“You got a large bulky envelope in the mail.” Mom looked over at me from the book she was reading.
I knew at once what it was and who it was from by a glance at the scrawled handwriting. “The dates!”
I’ve been trying to get real dates back from the United Arab Emirats for awhile now. Imported ones aren’t really the same in my mind. A former colleague who now lives in North Carolina told me she planned to return to the United Arab Emirates to visit for a few weeks. As many travelers know, it’s quite common for others to pick up small gifts for each other. So, I didn’t hesitate to ask my close friend to bring back some packaged dates and mail them to me in Pennsylvania.
“Yeah, I can do that. No problem.”
It appeared today was my lucky day!
I slit one end of the padded envelope and took out a small yellow box with Arabic script. The dates were from Khatt, not far from where I used to live and work. Khatt is known for its dates. I peeked through the clear plastic window on the box. Two rows of shiny dates slanted inward. The box opened like a matchbox. I slid it open and picked out the first plump date and popped it in my mouth. Soft. Sweet. Succulent.
How many dates had I eaten over a nine-year period? Too many to count, and way too many varieties. From the softest, richest medjool date to the toughest wrinkled date. I was eating dates in Egypt and the Middle East before they emerged as the new, healthy fruit on the American home front.
How I loved them! You cannot live in a culture where dates are such an integral part of life and not long for them long after you’ve left the country. Just as apples or peaches are prepared in many different ways, like sliced, made into cobblers, cooked down into jellies or jams, so are dates. Also, like fruit, there are several varieties, perhaps sixteen or eighteen kinds throughout the country. Dates are prepared in a number of different ways: almond-filled, chocolate-covered, baked into cookies, made into syrup, ahh, I salivate just imagining them). Although dates are common, they can be considered a great delicacy. Emiratis are proud of their date farms. Even young children can tell you about their cultivation.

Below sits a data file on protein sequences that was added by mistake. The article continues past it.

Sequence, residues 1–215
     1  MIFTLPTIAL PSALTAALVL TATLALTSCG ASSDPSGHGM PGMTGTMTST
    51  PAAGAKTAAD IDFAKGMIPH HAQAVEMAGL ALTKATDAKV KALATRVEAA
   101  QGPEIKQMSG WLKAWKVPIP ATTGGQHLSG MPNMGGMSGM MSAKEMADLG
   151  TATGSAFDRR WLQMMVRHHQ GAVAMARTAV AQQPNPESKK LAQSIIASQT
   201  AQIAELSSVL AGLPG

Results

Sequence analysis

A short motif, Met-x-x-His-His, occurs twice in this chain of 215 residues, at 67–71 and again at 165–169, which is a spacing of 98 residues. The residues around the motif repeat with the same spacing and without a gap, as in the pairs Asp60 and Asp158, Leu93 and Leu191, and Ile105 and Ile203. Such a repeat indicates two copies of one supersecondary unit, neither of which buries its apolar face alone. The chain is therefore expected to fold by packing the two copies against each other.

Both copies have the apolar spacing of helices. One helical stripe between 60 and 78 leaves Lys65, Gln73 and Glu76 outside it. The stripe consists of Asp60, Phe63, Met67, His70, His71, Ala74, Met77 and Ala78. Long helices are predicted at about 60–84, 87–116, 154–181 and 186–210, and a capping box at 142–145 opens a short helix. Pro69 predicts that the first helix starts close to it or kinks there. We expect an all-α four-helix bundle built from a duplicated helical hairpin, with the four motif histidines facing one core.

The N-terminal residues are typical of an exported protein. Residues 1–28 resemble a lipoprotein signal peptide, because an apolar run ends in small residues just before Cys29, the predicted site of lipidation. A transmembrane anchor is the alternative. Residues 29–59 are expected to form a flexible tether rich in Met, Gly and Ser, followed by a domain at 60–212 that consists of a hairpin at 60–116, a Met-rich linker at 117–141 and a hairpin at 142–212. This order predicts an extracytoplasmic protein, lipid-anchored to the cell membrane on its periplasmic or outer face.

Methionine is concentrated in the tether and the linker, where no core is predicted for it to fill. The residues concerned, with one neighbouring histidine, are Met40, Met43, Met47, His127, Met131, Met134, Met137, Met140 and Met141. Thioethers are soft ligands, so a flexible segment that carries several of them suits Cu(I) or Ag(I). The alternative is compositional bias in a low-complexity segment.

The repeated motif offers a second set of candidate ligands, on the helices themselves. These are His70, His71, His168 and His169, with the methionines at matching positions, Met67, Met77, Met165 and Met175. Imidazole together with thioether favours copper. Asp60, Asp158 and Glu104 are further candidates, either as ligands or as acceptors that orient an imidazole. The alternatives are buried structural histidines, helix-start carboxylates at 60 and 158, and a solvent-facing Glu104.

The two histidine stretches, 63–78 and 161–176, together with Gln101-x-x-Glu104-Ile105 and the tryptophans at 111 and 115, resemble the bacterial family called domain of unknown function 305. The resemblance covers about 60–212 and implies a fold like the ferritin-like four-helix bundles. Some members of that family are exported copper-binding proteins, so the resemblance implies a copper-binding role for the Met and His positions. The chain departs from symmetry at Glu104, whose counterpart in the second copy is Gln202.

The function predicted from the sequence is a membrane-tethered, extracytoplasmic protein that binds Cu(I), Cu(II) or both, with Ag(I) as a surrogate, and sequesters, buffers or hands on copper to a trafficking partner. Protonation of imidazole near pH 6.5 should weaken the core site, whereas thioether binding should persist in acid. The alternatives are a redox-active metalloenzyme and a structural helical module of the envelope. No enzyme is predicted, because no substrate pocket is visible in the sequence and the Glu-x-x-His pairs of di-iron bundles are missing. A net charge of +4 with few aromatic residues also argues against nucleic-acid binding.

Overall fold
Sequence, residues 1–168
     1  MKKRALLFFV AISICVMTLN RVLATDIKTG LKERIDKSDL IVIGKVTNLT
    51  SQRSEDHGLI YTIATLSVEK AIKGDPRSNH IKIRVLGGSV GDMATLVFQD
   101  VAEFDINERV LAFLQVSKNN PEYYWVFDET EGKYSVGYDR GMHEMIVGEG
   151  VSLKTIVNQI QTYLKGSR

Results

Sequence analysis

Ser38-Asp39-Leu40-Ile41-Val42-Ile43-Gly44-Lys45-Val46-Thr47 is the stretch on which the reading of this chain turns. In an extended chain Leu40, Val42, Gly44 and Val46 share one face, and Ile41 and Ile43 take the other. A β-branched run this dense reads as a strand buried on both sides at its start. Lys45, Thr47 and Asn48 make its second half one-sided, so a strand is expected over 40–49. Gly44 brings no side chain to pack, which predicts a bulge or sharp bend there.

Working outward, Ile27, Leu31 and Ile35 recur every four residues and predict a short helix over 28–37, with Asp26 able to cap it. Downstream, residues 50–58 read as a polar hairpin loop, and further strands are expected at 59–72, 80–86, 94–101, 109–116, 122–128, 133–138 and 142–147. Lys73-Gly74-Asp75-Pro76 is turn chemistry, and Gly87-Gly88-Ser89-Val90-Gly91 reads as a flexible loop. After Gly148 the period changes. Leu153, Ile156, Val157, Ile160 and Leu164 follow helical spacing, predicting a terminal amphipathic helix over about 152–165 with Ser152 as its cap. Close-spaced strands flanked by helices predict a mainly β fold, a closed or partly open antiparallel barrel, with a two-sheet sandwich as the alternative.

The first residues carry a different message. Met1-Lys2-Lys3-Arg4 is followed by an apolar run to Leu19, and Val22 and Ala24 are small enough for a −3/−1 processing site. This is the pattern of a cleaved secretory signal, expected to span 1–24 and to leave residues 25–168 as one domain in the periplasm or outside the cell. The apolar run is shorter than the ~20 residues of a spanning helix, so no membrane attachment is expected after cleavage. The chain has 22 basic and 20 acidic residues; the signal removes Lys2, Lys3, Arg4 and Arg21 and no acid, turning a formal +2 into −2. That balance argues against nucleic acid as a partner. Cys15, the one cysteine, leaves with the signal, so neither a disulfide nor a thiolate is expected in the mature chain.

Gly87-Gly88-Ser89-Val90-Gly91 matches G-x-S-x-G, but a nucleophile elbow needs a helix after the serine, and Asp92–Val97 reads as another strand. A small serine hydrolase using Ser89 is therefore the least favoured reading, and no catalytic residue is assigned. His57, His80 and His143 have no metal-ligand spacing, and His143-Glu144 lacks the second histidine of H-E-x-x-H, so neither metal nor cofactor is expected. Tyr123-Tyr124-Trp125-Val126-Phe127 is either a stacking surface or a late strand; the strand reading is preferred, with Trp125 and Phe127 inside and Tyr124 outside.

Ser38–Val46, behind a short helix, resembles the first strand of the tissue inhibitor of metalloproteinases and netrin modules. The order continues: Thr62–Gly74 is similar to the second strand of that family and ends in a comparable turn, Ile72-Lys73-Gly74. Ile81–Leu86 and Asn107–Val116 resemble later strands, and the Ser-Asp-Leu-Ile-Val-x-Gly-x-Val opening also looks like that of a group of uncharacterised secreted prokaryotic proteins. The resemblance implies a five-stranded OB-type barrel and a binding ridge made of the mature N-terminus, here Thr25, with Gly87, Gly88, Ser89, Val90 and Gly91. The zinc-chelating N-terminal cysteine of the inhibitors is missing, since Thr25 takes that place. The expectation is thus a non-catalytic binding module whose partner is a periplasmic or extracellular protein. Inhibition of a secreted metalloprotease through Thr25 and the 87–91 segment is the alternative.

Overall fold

I remember bringing ten or twelve boxes of dates back to Pennsylvania as gifts on each visit home. One year I gave medjool dates. Another year, everyone received almond-filled dates. The last year I lived in the United Arab Emirates, I bought very fancy chocolate-covered dates individually wrapped in gold foil to give to family and friends. I offered my precious dates to any guest who visited my house during my visit. My family politely tried whatever mode I brought home, and maybe even developed a liking for them. But they didn’t cherish them as I did. They didn’t savor them. I wasn’t even sure they appreciated them. Although, my dad sure seemed to like the chocolate-covered vareity!
Of course, each date reminded me of my life in the United Arab Emirates. Whenever I visited a friend or neighbor there, they immediately offered me a tray of dates. When I passed them out to my friends and family, I remembered that beautiful Emirati hospitality and tried to emulate it. As I munch on my dates right now, other memories come to mind–like special days. I remember feasting on fresh dates as I broke the fast at sunset during the month of Ramadan. Of course, I ate them during any cultural or sporting event, from Dubai and Abu Dhabi to my own city of Ras Al Khaimah. I also remember reading about them in my students’ assignments. Dates were never far from any topic they ever put down on paper. Dates not only meant fantastic traditional food, they meant beautiful scenery. I recall seeing fields and fields of date plantations dot the entire country. And on a personal level, I think of how much I admired the old date tree growing in my own side yard. It brought shade and beauty to my life as well as food to be gathered each season. I would watch the date palm ripen and envision the harvest.
The gift of dates is almost gone. I wanted to offer them to my family on Mother’s Day but that will never happen. They will all be gone by Sunday. Devoured by me, of course!